The Texel sheep originates from the island of Texel off the Dutch North-Sea coast. Crossed with Lincoln, Leicester and Wensleydales in the late 19th century the small native Texel breed developed into a large and prolific sheep which became popular for its well fleshed but lean carcass.
First importations came from France in the early seventies, followed by direct imports from Holland at the end of that decade.
DESCRIPTION OF TYPE
There are many different types of Texel across Europe and other continents, each developed to perform in their specific environment. The British Texel is a medium sized sheep with a long rectangular body, well proportioned with a level back and medium bone structure. The Texel’s outstanding qualities are its pronounced muscling and long loin coupled with the unique leanness inherited from the original Texel sheep.
In pedigree terms the British Texel’s head should be covered with fine white hair, the nose preferably black with the occasional black spots on ears or eyelids.The body must be well proportioned with strong loins, a solid square stance and round well-developed gigots. The fleece has a high loft with a staple of medium length and is highly crinkled. Fibres are classed as medium, 34 microns and less.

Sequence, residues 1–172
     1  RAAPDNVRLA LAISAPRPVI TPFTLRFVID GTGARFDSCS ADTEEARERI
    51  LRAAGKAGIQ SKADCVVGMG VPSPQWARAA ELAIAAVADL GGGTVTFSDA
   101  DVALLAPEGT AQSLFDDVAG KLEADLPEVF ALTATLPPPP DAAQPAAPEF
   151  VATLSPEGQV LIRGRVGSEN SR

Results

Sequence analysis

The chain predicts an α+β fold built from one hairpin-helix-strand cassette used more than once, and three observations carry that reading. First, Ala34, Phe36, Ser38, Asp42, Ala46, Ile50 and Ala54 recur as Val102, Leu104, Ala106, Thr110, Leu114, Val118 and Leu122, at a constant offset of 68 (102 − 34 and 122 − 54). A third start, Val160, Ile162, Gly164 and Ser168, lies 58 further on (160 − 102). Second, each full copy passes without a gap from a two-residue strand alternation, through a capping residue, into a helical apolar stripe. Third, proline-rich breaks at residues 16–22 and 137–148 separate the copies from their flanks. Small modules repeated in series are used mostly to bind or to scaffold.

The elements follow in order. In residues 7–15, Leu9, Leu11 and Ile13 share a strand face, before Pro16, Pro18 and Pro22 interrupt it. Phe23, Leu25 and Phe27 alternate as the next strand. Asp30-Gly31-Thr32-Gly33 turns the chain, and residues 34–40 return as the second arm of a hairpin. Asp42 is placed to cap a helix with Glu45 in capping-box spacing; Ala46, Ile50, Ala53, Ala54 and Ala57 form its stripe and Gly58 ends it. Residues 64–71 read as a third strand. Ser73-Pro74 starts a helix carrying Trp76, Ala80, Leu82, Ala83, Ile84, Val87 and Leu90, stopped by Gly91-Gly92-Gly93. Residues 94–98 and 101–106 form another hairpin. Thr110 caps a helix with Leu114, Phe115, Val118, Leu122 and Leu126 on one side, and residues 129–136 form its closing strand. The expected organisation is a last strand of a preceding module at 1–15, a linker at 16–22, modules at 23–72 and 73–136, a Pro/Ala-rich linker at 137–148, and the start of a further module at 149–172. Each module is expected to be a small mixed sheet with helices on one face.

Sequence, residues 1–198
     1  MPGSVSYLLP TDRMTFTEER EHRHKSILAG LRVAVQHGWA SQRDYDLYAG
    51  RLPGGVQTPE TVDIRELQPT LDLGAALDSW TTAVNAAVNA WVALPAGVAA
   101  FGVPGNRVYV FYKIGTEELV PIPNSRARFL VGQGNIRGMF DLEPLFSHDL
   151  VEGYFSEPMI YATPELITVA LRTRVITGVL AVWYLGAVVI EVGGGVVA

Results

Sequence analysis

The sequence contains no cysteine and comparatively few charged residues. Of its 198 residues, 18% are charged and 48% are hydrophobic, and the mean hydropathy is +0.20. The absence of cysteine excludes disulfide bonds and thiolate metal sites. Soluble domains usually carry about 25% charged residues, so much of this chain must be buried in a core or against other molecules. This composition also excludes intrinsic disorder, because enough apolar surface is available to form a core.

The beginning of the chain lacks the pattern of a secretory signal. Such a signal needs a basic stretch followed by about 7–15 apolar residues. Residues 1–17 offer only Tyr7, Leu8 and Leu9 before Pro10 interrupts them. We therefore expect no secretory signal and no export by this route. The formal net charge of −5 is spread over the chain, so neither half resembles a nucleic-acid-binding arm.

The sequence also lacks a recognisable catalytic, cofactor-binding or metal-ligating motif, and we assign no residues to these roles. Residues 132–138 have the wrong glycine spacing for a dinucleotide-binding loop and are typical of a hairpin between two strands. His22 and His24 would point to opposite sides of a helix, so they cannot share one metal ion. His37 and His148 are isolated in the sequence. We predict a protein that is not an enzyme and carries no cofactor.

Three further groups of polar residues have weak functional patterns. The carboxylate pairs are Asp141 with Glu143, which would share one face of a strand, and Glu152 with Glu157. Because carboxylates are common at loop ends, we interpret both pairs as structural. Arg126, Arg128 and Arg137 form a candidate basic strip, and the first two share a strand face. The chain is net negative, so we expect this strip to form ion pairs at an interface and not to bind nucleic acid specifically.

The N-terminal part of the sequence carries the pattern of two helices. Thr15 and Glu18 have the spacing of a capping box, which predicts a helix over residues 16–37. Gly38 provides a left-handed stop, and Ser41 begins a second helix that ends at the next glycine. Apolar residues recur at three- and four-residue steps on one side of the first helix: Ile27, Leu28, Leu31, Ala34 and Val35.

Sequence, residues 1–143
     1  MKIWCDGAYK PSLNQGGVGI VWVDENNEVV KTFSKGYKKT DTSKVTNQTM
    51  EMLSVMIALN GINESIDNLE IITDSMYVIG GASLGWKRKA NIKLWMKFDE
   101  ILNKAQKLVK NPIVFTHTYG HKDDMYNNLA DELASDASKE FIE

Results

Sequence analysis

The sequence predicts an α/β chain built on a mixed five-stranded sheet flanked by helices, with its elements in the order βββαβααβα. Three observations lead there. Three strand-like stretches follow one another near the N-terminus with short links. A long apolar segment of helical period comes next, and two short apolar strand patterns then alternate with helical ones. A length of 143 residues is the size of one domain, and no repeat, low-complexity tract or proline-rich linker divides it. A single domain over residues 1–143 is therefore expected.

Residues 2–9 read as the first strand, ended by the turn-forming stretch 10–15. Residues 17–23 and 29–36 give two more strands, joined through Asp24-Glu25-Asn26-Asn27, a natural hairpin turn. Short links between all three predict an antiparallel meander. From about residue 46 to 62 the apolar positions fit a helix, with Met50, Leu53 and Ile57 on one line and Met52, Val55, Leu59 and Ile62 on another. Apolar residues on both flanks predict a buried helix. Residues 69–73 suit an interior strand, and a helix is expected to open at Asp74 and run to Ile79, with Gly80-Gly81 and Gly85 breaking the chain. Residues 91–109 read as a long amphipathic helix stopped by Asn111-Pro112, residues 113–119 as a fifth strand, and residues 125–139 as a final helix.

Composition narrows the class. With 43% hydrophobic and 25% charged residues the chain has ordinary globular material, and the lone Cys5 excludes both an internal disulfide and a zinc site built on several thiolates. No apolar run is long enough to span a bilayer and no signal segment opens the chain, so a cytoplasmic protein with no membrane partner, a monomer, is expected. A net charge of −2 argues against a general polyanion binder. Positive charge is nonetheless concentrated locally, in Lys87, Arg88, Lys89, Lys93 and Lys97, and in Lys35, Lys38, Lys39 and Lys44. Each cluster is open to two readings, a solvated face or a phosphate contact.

The Texel is hardy, tough and docile. Ewes are frugal and proven to excel in grass-based rearing systems. Lambs are famously vigorous at birth with a great will to survive. The breed is moderately prolific with 1.7 lambs per ewe.
Because of the breed’s adaptability and excellent carcase quality, which it passes on to first cross progeny, Texel rams have become the UK producer’s preferred choice of Terminal Sire, in particular the increasing number of recorded rams, which deliver reliable performance in all environments. Changes in the growth potential of Texel sheep have been immense since the initial imports during the seventies enhancing both the efficiency and profitability of carcase production from Texel sired lambs.
The Texel breed has a structured Performance Recording System, an on-line flock book is available which can be viewed from the Society website.